Navalny doesn’t lead any particular united opposition other than his own campaign organization, admirably assembled though it may be, and under very adverse conditions. Polls suggest that his ability to organize nationwide anti-corruption protests has not translated into political popularity.
Navalny has remained prominent primarily because he campaigned throughout 2017 while most other candidates waited for Putin to announce his intention to run. Russian election officials’ decision to ban Navalny over a criminal conviction he decries as politically motivated, and his subsequent calls for a boycott, have kept him in the news.
Meanwhile, Grudinin has been making the circuit on the same state-run TV channels that are closed to Navalny, the medium where most Russians get their news. He has yet to show up in polls, which predict a sweeping victory for the incumbent, but the more he gets his message out, the more his recognition is likely to grow.
Still, how far will that take him?
Russia’s political system under Putin includes the Communists, along with the ultranationalist (and also misleadingly labeled) Liberal Democratic Party of Russia, led by another perennial presidential candidate, Vladimir Zhirinovsky, as part of something called “the systemic opposition.”
These parties technically provide voters with alternatives to Putin and United Russia, but their leaders rarely, if ever, try to block Kremlin policy.
Zyuganov thundered against President Boris Yeltsin in 1996 and won 41 percent of the vote. (It’s worth mentioning, in the era of the U.S. investigation into allegations of Russian meddling in its election, that American political advisers took credit for helping the Kremlin incumbent pull out that victory.)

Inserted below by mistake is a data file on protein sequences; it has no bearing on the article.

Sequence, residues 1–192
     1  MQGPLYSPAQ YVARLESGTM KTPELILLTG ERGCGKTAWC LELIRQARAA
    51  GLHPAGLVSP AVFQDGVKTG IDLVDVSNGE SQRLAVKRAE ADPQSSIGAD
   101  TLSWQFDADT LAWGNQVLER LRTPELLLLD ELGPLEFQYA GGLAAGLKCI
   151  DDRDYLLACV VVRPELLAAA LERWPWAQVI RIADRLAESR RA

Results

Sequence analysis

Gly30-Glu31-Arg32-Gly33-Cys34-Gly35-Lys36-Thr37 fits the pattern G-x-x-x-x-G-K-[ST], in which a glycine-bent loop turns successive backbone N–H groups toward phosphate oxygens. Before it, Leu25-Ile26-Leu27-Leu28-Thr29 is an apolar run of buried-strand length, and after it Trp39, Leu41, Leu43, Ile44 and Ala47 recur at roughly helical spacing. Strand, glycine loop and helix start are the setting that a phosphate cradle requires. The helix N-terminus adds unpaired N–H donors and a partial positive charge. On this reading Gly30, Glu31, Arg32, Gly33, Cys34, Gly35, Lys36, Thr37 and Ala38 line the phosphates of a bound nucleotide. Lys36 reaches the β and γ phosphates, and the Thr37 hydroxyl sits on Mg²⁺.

But I can’t remember the last time I heard either Zhirinovsky or Zyuganov say it’s time for Putin to step aside, even as they purport to campaign against him.
So when Grudinin showed up, sounding as if he truly wants to replace Putin, the questions were: How sincere is he? And how much runway will the Kremlin allow him?
Russian analysts assume Grudinin’s candidacy is part of a Kremlin project to raise voter turnout by offering lots of loyalist alternatives to Putin (including Zhirinovsky for nationalists and television personality Ksenia Sobchak for Westernizing liberals.)
“The Communist Party is a pro-government party integrated in the state political system, so no one should consider its campaign decision to be a stunt unexpected by the authorities,” political analyst Evgeny Minchenko commented in a Facebook post.
In this system, “the communist nominee gets his 15 percent plus or minus,” Pertsev wrote. “But this scenario only plays out if the candidate plays by the systemic rules.”
That is, he added, if Grudinin doesn’t garner more than his allotted share by taking full advantage of his appeal to “liberals as a successful businessman, supporters of the U.S.S.R. as a ‘red director,’ and to others as an opposition politician.”
Is there a chance of that? Who knows?
But at least now you have a reason besides Navalny to pay attention to Russia’s election campaign.